A function f(z) which is analytic everywhere in the nite plane is called an entire funcction.

 

 

5.1.7 Meromorphic function

 

A function f(z) which is analytic everywhere in the nite plane except at nite number of poles is called a meromorphic function.

 

5.2 Types of Singularities

 

5.2.1. Isolated Singularity

A point z = z0 is said to be isolated singularity of f(z) if

1.  f(z) is not analytic at z = z0

2.  There exist a neighbourhood of z = z0 containing no other singularity.

 

5.2.2. Removable singularity:

 

If the principal part of f(z) in Laurent series expansion of f(z) about the point z0 is zero then the point z = z0 is called removable singularity.

 

5.2.3. Pole:

If we can nd a positive integer n such that limz!a(z a)nf(z) 6= 0 then z = a is called a pole of order n for f(z).

 

 

5.2.4. Essential singularity:

 

If the principal part of f(z) in Laurent series expansion of f(z) about the point z0 contains in nite number of non zero terms then the point z = z0 is called essential singularity.

 

5.5.3 Worked out Examples


the function f(z) is not de ned at z = 0.                                   

By, L'Hospital rule


Since the limit exist and is nite, the singularity at z = 0 is a removable singularity.

Since the limit exist and is  nite, the singularity at z = 0 is a removable     singularity.




 

5.5.4 Tutorial Problems


 

6 Residues

 

6.1 Definitions:


 

6.1.2 Worked out Examples


 

6.1.3 Tutorial Problems


 

6.2 Cauchy Residue Theorem

 

If f(z) be analytic at all points inside and on a simple closed curve c,

except for a nite number of isolated singularities z1; z2; z3; : : : then


 

6.2.1Worked out Examples


 

6.2.2 Tutorial Problems


 

 

7 Evaluation of real de nite Integrals as contour integrals.

 

7.1 Contour Integration:

 

The complex integration along the scro curve used in evaluating the de nite integral is called contour integration. Here we are going to see under three types. They are

 


 

7.2 Type I

7.2.1 Worked out examples



 

7.2.2 Tutorial Problems


7.3 Type II

7.3.1 Worked out examples


where c consist of the semi circle : jzj = R and the bounding di-ameter [ R; R].


where z = i; 2i are simple poles lie inside and z = I; 2i are simple poles lie outside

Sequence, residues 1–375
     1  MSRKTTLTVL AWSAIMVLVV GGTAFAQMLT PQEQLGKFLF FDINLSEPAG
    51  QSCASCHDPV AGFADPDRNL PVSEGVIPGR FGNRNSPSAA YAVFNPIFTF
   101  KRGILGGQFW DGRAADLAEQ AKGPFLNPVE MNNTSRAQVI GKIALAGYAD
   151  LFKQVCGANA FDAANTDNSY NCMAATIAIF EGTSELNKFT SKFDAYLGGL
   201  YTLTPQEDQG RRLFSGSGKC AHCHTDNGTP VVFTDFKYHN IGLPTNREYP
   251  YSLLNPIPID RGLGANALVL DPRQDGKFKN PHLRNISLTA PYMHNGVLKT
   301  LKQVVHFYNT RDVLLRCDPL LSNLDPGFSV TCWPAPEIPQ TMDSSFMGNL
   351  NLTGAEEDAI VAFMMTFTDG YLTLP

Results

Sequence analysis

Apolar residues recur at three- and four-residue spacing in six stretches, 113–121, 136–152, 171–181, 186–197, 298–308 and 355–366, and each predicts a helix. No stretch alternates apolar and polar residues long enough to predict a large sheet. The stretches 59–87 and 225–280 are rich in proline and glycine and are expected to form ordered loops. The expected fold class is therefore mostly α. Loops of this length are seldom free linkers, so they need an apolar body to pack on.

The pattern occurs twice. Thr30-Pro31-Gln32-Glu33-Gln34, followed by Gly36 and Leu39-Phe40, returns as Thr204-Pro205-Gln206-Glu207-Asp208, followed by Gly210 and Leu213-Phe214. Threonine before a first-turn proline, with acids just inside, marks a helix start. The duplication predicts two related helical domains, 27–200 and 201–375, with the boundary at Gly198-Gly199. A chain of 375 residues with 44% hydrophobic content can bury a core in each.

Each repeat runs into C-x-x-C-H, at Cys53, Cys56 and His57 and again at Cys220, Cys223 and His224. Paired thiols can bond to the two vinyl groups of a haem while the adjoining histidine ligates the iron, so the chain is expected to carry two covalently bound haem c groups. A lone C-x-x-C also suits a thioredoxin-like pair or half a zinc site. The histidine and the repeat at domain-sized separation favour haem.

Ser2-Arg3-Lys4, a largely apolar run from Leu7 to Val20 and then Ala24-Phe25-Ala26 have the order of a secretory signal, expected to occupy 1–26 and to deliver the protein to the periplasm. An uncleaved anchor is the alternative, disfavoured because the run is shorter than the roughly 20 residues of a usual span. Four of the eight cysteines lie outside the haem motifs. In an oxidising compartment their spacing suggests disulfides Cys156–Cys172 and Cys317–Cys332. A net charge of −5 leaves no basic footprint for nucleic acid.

the semi-circle becomes very large and the real and imagi-nary parts of any point lying on the semi-circle becomes very large so that 


where c is the upper half of the semi circle  T with the bounding diam eter [  R; R].


the semi-circle becomes very large and the real and       imaginary parts of any point lying on the semi-circle becomes very large so that



 

7.4.2 Tutorial Problems


 







 





8 Applications:

 

Blasius Theorem.

 

The following gure shows a cross-section of a cylinder (not necessarily cir-cular), whose boundary is C,placed in a steady non-viscous ow of an ideal uid; the ow takes place in planes parallel to the xy plane. The cylinder is out of the plane of the paper. The ow of the uid exerts forces and turning moments upon the cylinder. Let X, Y be the components, in the x and y directions respectively, of the force on the cylinder and let M be the anticlockwise moment (on the cylinder) about the origin.




where Re denotes the real part, is the (constant) density of the uid and w = u + iv is the complex potential for the ow both of which are presumed known. We shall nd X; Y and M if the cylinder has a circular cross-section and the boundary is speci ed by jzj = a: Let the ow be a uniform stream with speed U:

Now, using a standard result, the complex potential describing this situation is:


Again using the Key Point above this leads to 4 a2U2i and this has zero real part. Hence M = 0, also. The implication is that no net force or moment acts on the cylinder. This is not so in practice. The discrepancy arises from neglecting the viscosity of the uid.